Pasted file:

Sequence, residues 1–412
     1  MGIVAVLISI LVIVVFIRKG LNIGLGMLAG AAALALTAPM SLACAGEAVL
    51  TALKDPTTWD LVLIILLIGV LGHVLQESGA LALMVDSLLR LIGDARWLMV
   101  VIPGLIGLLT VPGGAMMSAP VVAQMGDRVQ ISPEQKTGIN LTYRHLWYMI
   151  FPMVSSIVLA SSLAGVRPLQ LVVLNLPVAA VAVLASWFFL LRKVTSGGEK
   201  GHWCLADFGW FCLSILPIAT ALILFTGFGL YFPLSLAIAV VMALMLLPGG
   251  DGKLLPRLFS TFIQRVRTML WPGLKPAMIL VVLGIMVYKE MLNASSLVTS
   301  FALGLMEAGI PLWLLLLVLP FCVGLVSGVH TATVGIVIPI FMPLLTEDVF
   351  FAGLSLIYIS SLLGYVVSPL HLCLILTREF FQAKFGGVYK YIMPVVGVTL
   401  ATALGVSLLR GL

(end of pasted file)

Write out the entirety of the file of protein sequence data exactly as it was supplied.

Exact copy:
Sequence, residues 1–412
     1  MGIVAVLISI LVIVVFIRKG LNIGLGMLAG AAALALTAPM SLACAGEAVL
    51  TALKDPTTWD LVLIILLIGV LGHVLQESGA LALMVDSLLR LIGDARWLMV
   101  VIPGLIGLLT VPGGAMMSAP VVAQMGDRVQ ISPEQKTGIN LTYRHLWYMI
   151  FPMVSSIVLA SSLAGVRPLQ LVVLNLPVAA VAVLASWFFL LRKVTSGGEK
   201  GHWCLADFGW FCLSILPIAT ALILFTGFGL YFPLSLAIAV VMALMLLPGG
   251  DGKLLPRLFS TFIQRVRTML WPGLKPAMIL VVLGIMVYKE MLNASSLVTS
   301  FALGLMEAGI PLWLLLLVLP FCVGLVSGVH TATVGIVIPI FMPLLTEDVF
   351  FAGLSLIYIS SLLGYVVSPL HLCLILTREF FQAKFGGVYK YIMPVVGVTL
   401  ATALGVSLLR GL